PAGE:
Jacobs ahead in race for campaign cash

State senator says he ‘hates’ raising money

Published: Thursday, Jan. 16, 2014 1:15 a.m. CDT • Updated: Thursday, Jan. 16, 2014 10:21 a.m. CDT
Caption
Mike Jacobs (left) and Neil Anderson.
Caption
Mike Jacobs
Caption
Neil Anderson

The race for the 36th District seat in the Illinois Senate is expected to bring in big bucks again this year.

In the 2013 race, incumbent Sen. Mike Jacobs, D-East Moline, raked in $1.6 million in donations, while his unsuccessful Republican challenger, Bill Albracht, raised about half of that, according to the National Institute on Money in State Politics.

For this year’s November general election, Jacobs, whose district includes Whiteside County, raised $28,939 from October through December. He has about $130,000 on hand.

His GOP rival, Moline firefighter Neil Anderson, raised $11,150 during the same period.

Wednesday was the latest reporting deadline for campaign finance statements.

“We’re not thrilled by that amount,” said Paula DeWild, Anderson’s campaign manager. “Our focus was to get petitions, meet people, let them know he is in the race, not grab money.”

Neither candidate has an opponent in the March 18 primary elections.

The 36th District contest, DeWild said, is the top priority for Senate Republicans.

“We’re starting off on our own, but they’ll be helping us,” she said. 

All but one of Jacobs’ itemized donations in this past quarter were from outside his district. They came from major corporations such as Wal-Mart, Pepsi and Pfizer, and groups such as the Illinois Hospital Association, the National Rifle Association, and ComEd’s political action committee.

“Jacobs raised money from the outside and is spending it almost as fast as he gets it,” DeWild said. “We’re not running to outside sources at this point. We’re focused on the grassroots.”

Jacobs said he was “sick and tired of begging people for money,” but that third-party groups are going to raise money to run ads against him, as they did last time.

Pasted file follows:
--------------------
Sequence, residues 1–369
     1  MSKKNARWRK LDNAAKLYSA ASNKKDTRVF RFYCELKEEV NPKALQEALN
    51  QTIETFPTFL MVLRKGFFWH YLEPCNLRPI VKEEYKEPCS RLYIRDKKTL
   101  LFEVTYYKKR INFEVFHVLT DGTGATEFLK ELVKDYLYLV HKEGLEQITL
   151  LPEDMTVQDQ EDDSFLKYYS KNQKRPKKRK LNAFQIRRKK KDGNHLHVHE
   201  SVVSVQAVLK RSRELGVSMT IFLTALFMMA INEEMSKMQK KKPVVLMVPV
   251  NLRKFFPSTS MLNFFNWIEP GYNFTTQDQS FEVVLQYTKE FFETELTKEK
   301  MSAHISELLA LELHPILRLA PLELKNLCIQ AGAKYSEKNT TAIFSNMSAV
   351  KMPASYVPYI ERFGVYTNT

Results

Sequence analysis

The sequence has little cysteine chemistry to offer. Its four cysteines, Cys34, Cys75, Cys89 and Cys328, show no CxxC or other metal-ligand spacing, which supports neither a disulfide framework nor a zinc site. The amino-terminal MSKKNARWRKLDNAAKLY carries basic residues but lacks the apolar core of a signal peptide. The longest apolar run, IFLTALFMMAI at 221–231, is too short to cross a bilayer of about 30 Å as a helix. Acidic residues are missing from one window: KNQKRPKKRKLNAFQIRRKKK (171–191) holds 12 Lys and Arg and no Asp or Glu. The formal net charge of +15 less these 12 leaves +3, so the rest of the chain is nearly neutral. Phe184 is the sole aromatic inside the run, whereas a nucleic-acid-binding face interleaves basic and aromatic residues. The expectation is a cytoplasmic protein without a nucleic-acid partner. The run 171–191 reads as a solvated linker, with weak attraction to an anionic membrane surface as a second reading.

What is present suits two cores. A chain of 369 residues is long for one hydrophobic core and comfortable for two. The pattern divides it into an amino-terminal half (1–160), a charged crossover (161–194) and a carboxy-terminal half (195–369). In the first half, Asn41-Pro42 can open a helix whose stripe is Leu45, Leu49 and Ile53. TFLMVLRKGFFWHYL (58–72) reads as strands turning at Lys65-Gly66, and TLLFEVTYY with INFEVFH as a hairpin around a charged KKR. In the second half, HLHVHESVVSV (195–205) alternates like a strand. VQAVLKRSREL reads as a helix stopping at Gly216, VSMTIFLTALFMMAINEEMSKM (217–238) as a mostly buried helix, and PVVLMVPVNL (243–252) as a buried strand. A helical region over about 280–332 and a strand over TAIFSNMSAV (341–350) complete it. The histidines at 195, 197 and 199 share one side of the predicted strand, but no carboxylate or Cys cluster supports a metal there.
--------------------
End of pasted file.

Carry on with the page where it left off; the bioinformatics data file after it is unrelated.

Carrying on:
“Fundraising is the part of the campaign I hate the most,” the senator said. “If my opponent said he won’t take any outside money, I would do that, too, and we would just talk about the issues. There will be a couple of million dollars of third-party money spent on [Anderson’s] behalf, and he’ll act like he knows nothing about it.”

As for the outside contributions, Jacobs said, many of them are from companies with a presence inside the district. 

The area’s other high-dollar campaign will likely be the one for Illinois House District 71, where Mike Smiddy, D-Hillsdale, beat incumbent Rich Morthland, R-Cordova, in 2012. In that race, Smiddy raised $461,609 – nearly all contributions from unions – far ahead of Morthland’s $192,372.

In this past quarter, Smiddy, whose district includes Whiteside County, raised $30,974, including a $20,000 donation from the Illinois Federation of Teachers. He has $77,546 on hand.

Two Republicans, Jim Wozniak and Jeff McKinley, both prosecutors in the Rock Island County state’s attorney’s office, are vying in the March 18 GOP primary to face Smiddy.

In the recent quarter, Wozniak pulled in $7,316, while McKinley raised $1,996.

“For the primary, it’s going well,” Wozniak said. “I’m pleased with the quarter. More money is always better for a race. If I’m victorious in the primary, I’ll pick up substantially after that.”

McKinley couldn’t be reached for comment.

Rep. Tom Demmer and Sen. Tim Bivins, both R-Dixon, are unopposed this year. As with most incumbents, though, they still get contributions, often from big corporations such as AT&T.

Bivins raised $15,860 in the latest quarter, and Demmer collected $4,390.

The totals

Here are the total contributions in the last quarter and fund balances for races in competitive districts:

36th Senate District

Candidate; Last quarter's contributions; Fund balance

Mike Jacobs (D); $28,939; $129,187

Neil Anderson (R); $11,150; $10,550

71st House District

Candidate; Last quarter's contributions; Cash on hand

Mike Smiddy (D); $30,974; $77,546

Jim Wozniak (R); $7,316; $5,639

Jeff McKinley (R); $1,996; $4,595

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